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The withholding of a person's full salary or wages, especially in order to pay a creditor or the tax agency. For example, suppose one's regular paycheck would be $1500. Garnishment occurs when the person receives a check for only $1050 because the government is withholding $450 for taxes. Garnishment may also occur for other reasons, such as to pay child support, back taxes, or some debts.


A process involving three parties:

• Judgment creditor. The party who takes a judgment against a debtor (can also be the IRS or a state's Department of Revenue).

• Judgment debtor. The party who owes the debt.

• Garnishee A party who owes money or holds property belonging to the judgment debtor.

In this legal process, the judgment creditor obtains a court order requiring the garnishee to turn over funds or property to the judgment creditor instead of to the true owner, the judgment debtor. The most common garnishments are against employers, requiring them to withhold a portion of wages and salary and pay it to the creditor rather than to the employee. The second most common garnishment is against a bank, ordering it to turn over bank account funds to the judgment creditor or the IRS.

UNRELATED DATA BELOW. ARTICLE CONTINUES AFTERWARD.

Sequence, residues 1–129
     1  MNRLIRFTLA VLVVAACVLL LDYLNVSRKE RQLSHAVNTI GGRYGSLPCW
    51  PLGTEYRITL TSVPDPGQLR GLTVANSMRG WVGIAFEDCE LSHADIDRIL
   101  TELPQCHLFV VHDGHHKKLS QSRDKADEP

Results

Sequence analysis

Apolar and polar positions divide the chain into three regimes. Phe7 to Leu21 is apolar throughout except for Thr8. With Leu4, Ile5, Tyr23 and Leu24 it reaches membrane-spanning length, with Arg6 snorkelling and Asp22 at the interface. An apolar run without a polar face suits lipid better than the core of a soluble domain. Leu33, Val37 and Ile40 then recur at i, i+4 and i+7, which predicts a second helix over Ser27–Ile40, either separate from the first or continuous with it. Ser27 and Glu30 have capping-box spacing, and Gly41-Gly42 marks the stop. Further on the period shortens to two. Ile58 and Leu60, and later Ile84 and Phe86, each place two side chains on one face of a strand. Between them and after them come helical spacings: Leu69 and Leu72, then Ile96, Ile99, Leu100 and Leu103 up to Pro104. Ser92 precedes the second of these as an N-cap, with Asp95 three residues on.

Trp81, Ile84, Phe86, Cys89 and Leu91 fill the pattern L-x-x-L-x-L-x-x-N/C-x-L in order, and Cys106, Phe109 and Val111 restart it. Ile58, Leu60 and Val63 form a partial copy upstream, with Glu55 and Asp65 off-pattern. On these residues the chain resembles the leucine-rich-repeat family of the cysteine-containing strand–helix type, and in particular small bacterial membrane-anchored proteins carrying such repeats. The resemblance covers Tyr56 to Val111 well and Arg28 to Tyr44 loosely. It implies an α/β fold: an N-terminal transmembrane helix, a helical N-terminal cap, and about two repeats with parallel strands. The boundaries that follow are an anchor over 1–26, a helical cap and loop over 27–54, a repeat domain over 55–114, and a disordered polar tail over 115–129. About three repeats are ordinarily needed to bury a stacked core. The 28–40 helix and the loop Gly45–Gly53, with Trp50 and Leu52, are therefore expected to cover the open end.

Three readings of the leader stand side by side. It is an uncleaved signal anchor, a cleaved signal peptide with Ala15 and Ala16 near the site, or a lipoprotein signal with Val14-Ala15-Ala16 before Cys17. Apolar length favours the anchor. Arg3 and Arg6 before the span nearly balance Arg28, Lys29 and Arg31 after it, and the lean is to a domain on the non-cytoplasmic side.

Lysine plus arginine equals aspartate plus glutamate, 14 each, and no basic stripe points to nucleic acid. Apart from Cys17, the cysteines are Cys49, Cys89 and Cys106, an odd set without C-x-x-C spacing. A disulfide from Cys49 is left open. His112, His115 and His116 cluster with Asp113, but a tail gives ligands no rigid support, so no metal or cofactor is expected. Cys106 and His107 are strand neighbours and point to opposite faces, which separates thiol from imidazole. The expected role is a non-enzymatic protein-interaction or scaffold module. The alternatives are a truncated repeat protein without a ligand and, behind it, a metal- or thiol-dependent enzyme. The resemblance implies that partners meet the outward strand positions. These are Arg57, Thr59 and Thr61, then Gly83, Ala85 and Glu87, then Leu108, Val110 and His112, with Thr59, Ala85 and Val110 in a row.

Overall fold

References in periodicals archive ?
While faithful enhancements such as alternative olive stuffings for Martinis and house-infused cherries for Manhattans stay true to the traditional adornments, bar chefs diverging from the classics generally agree that the key to successful garnishing is to either replicate a flavor or ingredient or to balance a taste, aroma or body with complimentary or contrasting flavors.
Before giving their imaginations complete free rein, however, operators are wise to consider the traditions of garnishing cocktails (Martinis with olives or lemon twists, Manhattans with cherries, etc.